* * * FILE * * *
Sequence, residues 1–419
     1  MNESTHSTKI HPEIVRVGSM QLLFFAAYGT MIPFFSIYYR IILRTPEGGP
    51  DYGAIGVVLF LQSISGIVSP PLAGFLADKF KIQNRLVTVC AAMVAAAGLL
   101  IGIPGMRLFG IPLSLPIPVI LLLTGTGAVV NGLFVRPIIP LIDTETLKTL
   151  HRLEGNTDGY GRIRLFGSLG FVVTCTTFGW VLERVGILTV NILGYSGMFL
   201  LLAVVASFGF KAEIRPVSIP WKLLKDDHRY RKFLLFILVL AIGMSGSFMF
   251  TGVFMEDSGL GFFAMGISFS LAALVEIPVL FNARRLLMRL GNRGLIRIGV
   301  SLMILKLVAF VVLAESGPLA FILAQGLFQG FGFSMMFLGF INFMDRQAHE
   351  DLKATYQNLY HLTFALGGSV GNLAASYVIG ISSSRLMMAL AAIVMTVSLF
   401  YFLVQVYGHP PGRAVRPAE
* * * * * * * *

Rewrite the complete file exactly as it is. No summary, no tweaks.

Sequence, residues 1–419
     1  MNESTHSTKI HPEIVRVGSM QLLFFAAYGT MIPFFSIYYR IILRTPEGGP
    51  DYGAIGVVLF LQSISGIVSP PLAGFLADKF KIQNRLVTVC AAMVAAAGLL
   101  IGIPGMRLFG IPLSLPIPVI LLLTGTGAVV NGLFVRPIIP LIDTETLKTL
   151  HRLEGNTDGY GRIRLFGSLG FVVTCTTFGW VLERVGILTV NILGYSGMFL
   201  LLAVVASFGF KAEIRPVSIP WKLLKDDHRY RKFLLFILVL AIGMSGSFMF
   251  TGVFMEDSGL GFFAMGISFS LAALVEIPVL FNARRLLMRL GNRGLIRIGV
   301  SLMILKLVAF VVLAESGPLA FILAQGLFQG FGFSMMFLGF INFMDRQAHE
   351  DLKATYQNLY HLTFALGGSV GNLAASYVIG ISSSRLMMAL AAIVMTVSLF
   401  YFLVQVYGHP PGRAVRPAE